This article about Yaku Pérez’s fight against gold miners in Ecuador was originally published on opaendemocracy.net and is reproduced under a Creative Commons Attribution-NonCommercial 4.0 International licence. You can see the original here.
As our van climbs the winding road that leads to the Kimsakocha Andean lagoons in Cuenca, in the southern Ecuadorian province of Azuay, the vegetation changes. The pine trees are becoming scarcer, the graminoids proliferate and the mist takes over the landscape.
At the wheel is Yaku Sacha Pérez Guartambel, a well-known lawyer, politician, and environmental leader from Cuenca who has been fighting for decades to protect water and preserve these places from extractivism. Yaku, as he is known, has been imprisoned several times for his activism against mining and gained notoriety as an Indigenous candidate for the presidency in the 2021 elections, only narrowly losing to now-president Guillermo Lasso in the first round.
At the exit of a bend, as if a predator in wait for a prey to pass, the palisade of a ‘mining dissemination centre’ appears like an apparition: it belongs to Dundee Precious Metals (DPM), the Canadian company that took over the Loma Larga project from another Canadian company INV Metals in July 2021. The project, according to the DPM press release, has the potential to ‘produce an annual average of approximately 200,000 ounces of gold in its first five years’. Its production life is ‘estimated at approximately 170,000 ounces of gold per year at an attractive all-in sustaining cost’. In addition to gold, a report by consulting firm AX Legal on mining in Ecuador in 2023 shows DPM expects the Loma Larga project to produce 794,561 ounces of silver and 5.1 million pounds (Mlb) of copper annually, over an estimated mine life of 12 years.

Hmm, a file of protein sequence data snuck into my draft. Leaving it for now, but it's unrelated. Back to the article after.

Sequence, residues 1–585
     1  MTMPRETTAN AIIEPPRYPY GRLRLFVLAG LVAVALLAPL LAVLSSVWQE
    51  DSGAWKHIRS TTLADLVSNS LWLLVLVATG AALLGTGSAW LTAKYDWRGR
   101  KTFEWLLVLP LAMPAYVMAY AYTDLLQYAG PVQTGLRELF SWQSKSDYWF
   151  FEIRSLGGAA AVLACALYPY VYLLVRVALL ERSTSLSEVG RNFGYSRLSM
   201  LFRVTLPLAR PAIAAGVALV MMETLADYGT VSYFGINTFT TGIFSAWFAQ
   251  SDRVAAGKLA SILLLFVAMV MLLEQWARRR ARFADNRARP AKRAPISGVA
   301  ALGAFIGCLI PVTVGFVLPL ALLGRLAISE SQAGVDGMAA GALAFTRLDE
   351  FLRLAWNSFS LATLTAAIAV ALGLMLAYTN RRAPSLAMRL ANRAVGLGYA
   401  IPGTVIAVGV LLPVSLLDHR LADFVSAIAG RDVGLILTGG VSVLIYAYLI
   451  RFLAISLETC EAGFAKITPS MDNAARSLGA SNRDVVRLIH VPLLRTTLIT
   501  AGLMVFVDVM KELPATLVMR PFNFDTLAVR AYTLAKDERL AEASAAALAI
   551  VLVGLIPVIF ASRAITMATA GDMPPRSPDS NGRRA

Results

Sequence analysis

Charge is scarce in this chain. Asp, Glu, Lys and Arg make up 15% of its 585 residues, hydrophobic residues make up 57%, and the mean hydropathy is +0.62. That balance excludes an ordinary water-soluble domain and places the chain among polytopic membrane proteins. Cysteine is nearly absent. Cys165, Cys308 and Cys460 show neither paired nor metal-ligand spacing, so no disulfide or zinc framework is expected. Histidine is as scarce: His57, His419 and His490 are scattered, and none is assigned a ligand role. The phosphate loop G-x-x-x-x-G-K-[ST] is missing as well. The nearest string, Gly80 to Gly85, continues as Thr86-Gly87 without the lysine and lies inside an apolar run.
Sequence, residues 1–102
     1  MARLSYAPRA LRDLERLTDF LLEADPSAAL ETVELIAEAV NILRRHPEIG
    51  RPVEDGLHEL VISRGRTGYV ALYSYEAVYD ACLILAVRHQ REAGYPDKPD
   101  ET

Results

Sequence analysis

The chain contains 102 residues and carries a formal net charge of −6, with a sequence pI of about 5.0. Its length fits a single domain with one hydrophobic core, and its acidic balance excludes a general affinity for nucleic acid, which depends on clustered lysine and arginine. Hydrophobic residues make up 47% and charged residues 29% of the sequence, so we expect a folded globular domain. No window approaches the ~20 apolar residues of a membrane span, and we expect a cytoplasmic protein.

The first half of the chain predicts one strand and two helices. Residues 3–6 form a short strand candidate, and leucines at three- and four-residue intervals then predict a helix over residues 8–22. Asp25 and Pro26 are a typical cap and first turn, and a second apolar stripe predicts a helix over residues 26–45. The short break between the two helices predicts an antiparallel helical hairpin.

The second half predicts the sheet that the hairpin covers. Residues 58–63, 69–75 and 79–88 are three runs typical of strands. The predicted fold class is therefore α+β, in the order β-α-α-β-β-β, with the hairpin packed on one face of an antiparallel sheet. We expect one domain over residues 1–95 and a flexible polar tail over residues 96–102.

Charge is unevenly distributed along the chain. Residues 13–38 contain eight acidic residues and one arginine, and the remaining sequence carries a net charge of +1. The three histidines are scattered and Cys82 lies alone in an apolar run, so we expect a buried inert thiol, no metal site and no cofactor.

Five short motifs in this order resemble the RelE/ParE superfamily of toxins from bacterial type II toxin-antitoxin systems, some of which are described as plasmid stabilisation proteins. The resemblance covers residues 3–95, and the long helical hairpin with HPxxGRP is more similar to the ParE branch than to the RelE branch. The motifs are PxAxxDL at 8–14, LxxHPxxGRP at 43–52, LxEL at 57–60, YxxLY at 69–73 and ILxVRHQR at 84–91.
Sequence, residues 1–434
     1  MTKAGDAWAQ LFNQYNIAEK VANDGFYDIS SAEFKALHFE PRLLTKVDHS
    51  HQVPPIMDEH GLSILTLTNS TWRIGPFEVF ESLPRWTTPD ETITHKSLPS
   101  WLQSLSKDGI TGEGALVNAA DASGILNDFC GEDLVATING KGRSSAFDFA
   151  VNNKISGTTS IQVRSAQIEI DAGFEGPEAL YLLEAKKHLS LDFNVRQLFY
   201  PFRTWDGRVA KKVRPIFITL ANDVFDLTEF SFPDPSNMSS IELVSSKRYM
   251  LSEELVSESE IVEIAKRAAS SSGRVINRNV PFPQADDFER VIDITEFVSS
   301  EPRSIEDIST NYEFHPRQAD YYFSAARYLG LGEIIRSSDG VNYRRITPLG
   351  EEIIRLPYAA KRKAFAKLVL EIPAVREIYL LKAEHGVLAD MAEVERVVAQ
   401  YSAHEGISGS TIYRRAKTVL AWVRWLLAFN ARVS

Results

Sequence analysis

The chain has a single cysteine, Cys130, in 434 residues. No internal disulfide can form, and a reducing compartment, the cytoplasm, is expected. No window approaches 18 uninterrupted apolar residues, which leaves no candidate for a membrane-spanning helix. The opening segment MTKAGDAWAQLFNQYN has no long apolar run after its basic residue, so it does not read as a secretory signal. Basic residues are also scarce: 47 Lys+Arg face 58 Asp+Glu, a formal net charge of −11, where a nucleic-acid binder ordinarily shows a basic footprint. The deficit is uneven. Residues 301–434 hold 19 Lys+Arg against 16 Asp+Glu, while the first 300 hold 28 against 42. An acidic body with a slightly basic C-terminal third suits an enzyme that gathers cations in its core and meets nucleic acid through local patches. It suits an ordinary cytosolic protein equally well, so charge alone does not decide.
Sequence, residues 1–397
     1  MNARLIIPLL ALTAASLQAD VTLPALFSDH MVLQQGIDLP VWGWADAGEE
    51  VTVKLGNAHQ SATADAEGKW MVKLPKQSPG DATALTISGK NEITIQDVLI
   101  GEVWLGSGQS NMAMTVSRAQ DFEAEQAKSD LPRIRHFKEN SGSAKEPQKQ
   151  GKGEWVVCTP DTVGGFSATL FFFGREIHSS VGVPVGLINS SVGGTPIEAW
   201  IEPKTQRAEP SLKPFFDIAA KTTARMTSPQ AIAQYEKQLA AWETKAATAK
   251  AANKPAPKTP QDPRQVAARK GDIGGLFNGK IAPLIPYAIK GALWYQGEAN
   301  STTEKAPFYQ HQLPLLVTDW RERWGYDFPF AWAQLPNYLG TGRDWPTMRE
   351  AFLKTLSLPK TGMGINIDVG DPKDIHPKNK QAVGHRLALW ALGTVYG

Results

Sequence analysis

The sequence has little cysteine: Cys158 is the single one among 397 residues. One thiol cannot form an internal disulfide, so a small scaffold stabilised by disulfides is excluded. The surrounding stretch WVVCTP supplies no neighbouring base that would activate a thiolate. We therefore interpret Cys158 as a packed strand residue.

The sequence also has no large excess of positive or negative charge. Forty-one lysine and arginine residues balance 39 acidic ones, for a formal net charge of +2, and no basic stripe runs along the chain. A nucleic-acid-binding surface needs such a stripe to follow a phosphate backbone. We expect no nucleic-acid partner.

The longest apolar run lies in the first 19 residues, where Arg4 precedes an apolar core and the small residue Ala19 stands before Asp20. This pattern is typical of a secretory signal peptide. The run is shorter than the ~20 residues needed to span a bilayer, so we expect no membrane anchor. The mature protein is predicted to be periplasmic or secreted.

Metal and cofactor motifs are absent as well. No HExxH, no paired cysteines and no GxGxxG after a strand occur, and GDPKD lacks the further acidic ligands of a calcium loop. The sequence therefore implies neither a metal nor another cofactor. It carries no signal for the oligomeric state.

Ecuador, located in the northern foothills of the Andes Mountains and known for its wealth of highly coveted metals (gold, silver, and copper), is considered a virgin territory in terms of mining exploration, with only 10% of the country explored. But with conservative Lasso (a former banker) as president, expectations are high for the metal mining sector. It had been expected to generate up to US$4 billion in annual exports by 2025, when Lasso’s term was meant to end – but that’s no longer the case.
Ecuador’s difficult socio-economic situation, a rising crime rate and possible impeachment over corruption caused Lasso to dissolve the assembly early through a constitutional mechanism known as the ‘death cross’. Elections will take place on 20 August. This unexpected turn of events has caused frustration in the mining industry, as it could disrupt up to four major operations that had been planned.
Communities are also fiercely opposing the mining because of the threat of water pollution. A 2019 report handed to judges of the Constitutional Court of Ecuador by the US foundation Defend Them All detailed the significant damage the exploitation of Loma Larga would have on the wetlands ecosystem, saying it was ‘virtually guaranteed to contaminate surface and groundwater’ and that ‘the complicated hydrology of the moorlands means that this contamination will spread unpredictably’.
The campaigning from locals has already had some success. A 2021 referendum saw 80 per cent of the population vote to ban metal mining near water sources, and a court ruling last year also banned mining in the region, with a judge ruling that DPM had not properly consulted the community. DPM downplayed both rulings, and regarding the latter has asked if it can gain permission to repeat the consultation while continuing with the project.
Against this backdrop, DPM has created a series of socio-environmental initiatives aimed at mitigating the impacts and constructed a narrative that plays down the environmental effects on local communities. It states its core purpose is the ‘development of resources to generate value and thus prosper together’.
Mining projects elsewhere in Ecuador are also facing major challenges, including illegal mining, referendums, such as the one planned to ban metallic mining in the Andean Chocó bio-region, or the consultation for the protection of the Yasuní National Park biosphere reserve from oil extraction projects, which will coincide with the elections on 20 August. (see also: Who Will Save the Yasuní?)